If you inject into the butt, divide your butt into four sections. Across the center of your butt side to side, and up and down each cheek. Inject into the top right or left outer portion section of your butt.

After your pick an injection site, clean the area with an alcohol prep pad. Put the needle straight in, not at an angle or sideways The needle should always be held straight at a 90 degree angle.

Once the needle is inside you, draw back a little bit to make sure no blood enters the syringe. If there is no blood, inject hormones. If you see blood, it means you hit a blood vessel. You can pull the needle out slightly and test again. If no blood returns, inject or choose another site and start again.

Bring back all used syringes to Positive Health Project to exchange for new ones.


PHP will be hosting a fashion show fundraiser this spring, please email Robert Childs, MPH if you are intested in helping out.
Robert's email: rchilds@phpnyc.org

Sunday, November 11, 2007

Crystal Meth and Communities of Color in New York City

Check out Terry Evans, Positive Health Project "Public Health Outreach Coordinator" speak about Crystal Meth and Communities of Color in New York City
Follow this Link:


Wednesday, November 7, 2007

Supporting the Transgender Community

A significant number of transgender individuals live and work in the Chelsea/Clinton area. Many of them are sex workers who do not have access to health care services, that include services associated with gender transition. Multiple sexual contacts and self-administered hormone injections put this population at extremely high risk for HIV infection and reinfection.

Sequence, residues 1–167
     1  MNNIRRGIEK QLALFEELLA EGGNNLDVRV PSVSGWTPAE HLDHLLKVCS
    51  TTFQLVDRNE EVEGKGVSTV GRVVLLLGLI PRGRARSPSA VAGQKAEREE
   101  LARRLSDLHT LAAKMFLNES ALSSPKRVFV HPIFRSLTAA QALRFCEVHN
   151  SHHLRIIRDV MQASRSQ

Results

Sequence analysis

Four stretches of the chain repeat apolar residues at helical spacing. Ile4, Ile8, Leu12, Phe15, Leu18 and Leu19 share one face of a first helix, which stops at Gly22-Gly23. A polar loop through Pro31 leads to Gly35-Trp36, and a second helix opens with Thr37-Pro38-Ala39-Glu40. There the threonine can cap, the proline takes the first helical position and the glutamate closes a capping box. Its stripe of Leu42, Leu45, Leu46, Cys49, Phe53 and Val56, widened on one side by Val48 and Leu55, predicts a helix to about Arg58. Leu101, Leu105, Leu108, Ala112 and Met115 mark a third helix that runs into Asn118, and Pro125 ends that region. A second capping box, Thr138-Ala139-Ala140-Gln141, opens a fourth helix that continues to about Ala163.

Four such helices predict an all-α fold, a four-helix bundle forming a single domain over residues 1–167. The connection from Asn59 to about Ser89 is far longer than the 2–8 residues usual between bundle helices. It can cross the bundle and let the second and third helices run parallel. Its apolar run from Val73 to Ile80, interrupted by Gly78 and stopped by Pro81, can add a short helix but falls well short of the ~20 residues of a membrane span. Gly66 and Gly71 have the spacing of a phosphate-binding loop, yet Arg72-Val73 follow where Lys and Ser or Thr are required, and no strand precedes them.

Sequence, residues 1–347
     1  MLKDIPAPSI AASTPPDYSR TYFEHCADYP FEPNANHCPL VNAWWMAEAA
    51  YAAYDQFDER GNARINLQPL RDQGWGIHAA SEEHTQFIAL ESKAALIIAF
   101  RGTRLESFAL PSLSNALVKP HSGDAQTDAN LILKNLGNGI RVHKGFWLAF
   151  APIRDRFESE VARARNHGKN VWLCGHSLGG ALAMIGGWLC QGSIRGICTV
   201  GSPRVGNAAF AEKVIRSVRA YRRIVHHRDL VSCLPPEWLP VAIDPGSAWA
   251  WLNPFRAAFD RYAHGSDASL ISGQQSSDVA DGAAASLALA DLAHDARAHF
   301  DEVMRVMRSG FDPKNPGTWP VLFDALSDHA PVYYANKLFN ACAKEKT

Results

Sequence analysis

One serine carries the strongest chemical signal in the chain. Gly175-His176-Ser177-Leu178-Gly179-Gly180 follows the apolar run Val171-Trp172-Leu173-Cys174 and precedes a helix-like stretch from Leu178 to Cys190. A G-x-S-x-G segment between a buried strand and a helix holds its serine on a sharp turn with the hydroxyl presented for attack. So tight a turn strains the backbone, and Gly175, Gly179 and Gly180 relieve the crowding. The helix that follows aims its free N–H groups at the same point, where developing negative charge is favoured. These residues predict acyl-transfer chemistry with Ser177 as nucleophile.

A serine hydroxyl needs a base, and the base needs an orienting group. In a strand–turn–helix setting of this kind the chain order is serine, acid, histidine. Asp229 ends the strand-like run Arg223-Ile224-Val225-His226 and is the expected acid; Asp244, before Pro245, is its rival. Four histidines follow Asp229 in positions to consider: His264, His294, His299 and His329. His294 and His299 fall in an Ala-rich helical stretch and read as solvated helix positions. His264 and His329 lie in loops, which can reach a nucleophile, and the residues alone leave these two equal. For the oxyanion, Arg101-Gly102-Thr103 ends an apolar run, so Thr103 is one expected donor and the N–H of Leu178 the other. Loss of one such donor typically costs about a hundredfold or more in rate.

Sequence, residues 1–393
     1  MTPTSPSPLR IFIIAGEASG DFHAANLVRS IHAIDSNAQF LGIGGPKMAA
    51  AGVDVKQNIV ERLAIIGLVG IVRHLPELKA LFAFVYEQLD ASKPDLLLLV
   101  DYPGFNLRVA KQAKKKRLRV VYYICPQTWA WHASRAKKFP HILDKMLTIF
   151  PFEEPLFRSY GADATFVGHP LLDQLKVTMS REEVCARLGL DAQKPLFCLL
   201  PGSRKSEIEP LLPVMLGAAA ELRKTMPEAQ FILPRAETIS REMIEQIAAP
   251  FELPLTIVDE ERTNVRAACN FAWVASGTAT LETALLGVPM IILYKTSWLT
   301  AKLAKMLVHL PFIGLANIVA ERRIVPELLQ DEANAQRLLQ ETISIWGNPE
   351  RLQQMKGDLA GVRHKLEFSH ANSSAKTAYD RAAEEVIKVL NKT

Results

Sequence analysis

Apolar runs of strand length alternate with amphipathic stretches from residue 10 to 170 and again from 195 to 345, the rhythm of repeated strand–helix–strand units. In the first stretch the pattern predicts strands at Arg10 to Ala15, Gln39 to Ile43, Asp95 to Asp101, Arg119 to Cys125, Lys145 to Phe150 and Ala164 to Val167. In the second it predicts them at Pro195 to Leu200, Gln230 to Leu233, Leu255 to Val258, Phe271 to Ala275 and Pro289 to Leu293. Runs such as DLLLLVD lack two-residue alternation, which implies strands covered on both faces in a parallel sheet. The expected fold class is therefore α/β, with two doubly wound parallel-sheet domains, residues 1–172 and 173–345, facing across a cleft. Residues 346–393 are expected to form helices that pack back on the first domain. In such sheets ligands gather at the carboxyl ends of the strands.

PHP has developed one of the most comprehensive transgender harm reduction initiatives in the country. Our Transgender Initiative (TGI) employs transgender individuals to conduct outreach and provide services to transgender sex workers, substance users, and hormone injectors.

TGI distributes harm reduction materials that were created by transgender peer educators to teach safer injection practices to hormone users. It also runs support groups and syringe exchange hours exclusively for transgender individuals.

PHP's continued success in providing services to this extremely hard-to-reach and hard-to-retain population is attributable to its commitment to maximizing participant input. All transgender program services are the result of discussions between staff and transgender individuals.

How PHP sees Outreach to drug users and sex workers

A vital component of PHP's work is street outreach. Our outreach workers, who are themselves peers of the target population, meet sex workers and substance users on street corners and near drug selling locations. They distribute condoms, literature on HIV/AIDS, bleach kits, and instructions on condom use and safe injection practices, and respond to questions.
Additionally, outreach is conducted regularly in night clubs located throughout the Chelsea/Clinton area. There, PHP staff and volunteers provide young adults who engage in substance use and risky sexual behavior with condoms and educational materials about PHP's program services.

Outreach workers also conduct outreach in adult entertainment establishments, providing educational workshops specifically tailored to sex workers and their partners.